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Limiting Biotechnology? Information Problems and Policy Responses

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  • Plunkett, Marni D.
  • Gaisford, James D.
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    Abstract

    The revolution in biotechnology poses pervasive, although not entirely unprecedented, asymmetric information problems. Especially in Europe, but even in North America, there is mounting evidence that consumers do not treat genetically modified foods (GMFs) and their non-modified counterparts as perfect substitutes. If other things such as prices are equal, many consumers would prefer to consume non-GMFs; they perceive GMFs as lower-quality products. While farm-level producers are fully informed on the genetic qualities of their product, final consumers will often be unable to distinguish between the two types of products. Thus, the information structure will only sustain a pooling equilibrium, in which both GMFs and non-GMFs are sold together, or pooled, in a single market. Such hidden-type or adverse-selection problems tend to generate markets that are dominated by an inefficient proportion of low-quality products or “lemons†(Akerlof, 1970). The asymmetric information problem potentially could be addressed by an identity preservation system (IPS) that involves product certification and labelling. A fully effective IPS would lead to a separating equilibrium, or separate markets for GMFs and non-GMFs. This paper provides a systematic investigation of the asymmetric information problem posed by biotechnological innovations and then assesses possible IPSs.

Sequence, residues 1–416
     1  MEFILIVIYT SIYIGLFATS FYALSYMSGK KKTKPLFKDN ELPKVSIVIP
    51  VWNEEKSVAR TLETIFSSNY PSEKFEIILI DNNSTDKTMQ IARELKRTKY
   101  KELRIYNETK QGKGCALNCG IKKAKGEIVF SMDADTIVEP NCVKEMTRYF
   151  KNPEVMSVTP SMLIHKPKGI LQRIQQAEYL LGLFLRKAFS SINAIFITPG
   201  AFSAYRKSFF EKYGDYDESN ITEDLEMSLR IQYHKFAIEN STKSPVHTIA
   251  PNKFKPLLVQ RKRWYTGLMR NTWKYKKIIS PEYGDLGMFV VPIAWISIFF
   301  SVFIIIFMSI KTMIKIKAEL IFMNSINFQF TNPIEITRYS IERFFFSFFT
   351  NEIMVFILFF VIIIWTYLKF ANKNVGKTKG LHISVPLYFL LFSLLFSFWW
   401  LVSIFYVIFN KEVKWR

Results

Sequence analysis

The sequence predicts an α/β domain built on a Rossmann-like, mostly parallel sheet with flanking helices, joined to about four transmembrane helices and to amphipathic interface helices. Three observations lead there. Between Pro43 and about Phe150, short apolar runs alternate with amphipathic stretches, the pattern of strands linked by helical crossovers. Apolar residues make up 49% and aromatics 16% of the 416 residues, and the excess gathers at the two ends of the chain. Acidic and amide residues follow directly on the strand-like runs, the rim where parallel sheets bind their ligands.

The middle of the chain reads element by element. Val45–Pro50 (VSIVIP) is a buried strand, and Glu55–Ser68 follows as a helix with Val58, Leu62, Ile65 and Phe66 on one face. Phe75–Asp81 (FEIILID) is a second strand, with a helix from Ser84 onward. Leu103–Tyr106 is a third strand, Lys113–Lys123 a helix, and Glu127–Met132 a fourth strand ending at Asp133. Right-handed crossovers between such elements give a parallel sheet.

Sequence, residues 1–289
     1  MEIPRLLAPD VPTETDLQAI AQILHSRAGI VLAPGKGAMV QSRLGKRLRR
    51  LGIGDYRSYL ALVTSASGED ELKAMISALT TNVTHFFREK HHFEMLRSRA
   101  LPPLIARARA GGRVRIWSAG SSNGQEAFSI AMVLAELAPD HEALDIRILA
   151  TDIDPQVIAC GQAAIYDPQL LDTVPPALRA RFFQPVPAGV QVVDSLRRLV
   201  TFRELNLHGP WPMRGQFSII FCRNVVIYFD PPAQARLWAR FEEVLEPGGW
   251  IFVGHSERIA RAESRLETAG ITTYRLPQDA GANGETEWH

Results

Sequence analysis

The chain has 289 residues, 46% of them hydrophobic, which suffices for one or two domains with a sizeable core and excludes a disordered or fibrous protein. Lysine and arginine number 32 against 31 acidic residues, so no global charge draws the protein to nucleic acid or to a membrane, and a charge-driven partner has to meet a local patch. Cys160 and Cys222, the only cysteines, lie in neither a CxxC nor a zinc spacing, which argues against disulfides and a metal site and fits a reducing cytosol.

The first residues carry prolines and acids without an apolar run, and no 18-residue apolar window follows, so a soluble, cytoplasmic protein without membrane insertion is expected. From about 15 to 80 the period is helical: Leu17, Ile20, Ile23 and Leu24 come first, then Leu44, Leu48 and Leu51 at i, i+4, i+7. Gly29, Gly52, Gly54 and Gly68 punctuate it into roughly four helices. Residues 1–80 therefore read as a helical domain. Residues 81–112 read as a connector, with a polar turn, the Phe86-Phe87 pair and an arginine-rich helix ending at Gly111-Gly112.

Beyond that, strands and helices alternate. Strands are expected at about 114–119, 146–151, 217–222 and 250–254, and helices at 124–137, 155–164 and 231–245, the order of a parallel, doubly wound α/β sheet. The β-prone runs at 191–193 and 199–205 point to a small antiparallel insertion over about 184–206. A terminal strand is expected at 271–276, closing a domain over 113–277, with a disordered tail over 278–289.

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    Bibliographic Info

    Article provided by Canadian Agricultural Economics Society in its journal CAFRI: Current Agriculture, Food and Resource Issues.

    Volume (Year): (2000)
    Issue (Month): 01 ()
    Pages:

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    Handle: RePEc:ags:cafric:45630

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    Web page: http://caes.usask.ca/papers/cafri/index.php
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    Related research

    Keywords: Agricultural and Food Policy; Food Consumption/Nutrition/Food Safety; Health Economics and Policy; Marketing;

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    Cited by:
    1. Giannakas, Konstantinos & Fulton, Murray, 2002. "Consumption effects of genetic modification: what if consumers are right?," Agricultural Economics, Blackwell, vol. 27(2), pages 97-109, August.
    2. Zhao, Li & Gu, Haiying & Yue, Chengyan & Ahlstrom, David, 2013. "Consumer welfare and GM food labeling: A simulation using an adjusted Kumaraswamy distribution," Food Policy, Elsevier, vol. 42(C), pages 58-70.
    3. Gaisford, James D., 2002. "Agricultural Biotechnology and the FTAA: Issues and Opportunities," Estey Centre Journal of International Law and Trade Policy, Estey Centre for Law and Economics in International Trade, vol. 3(2).

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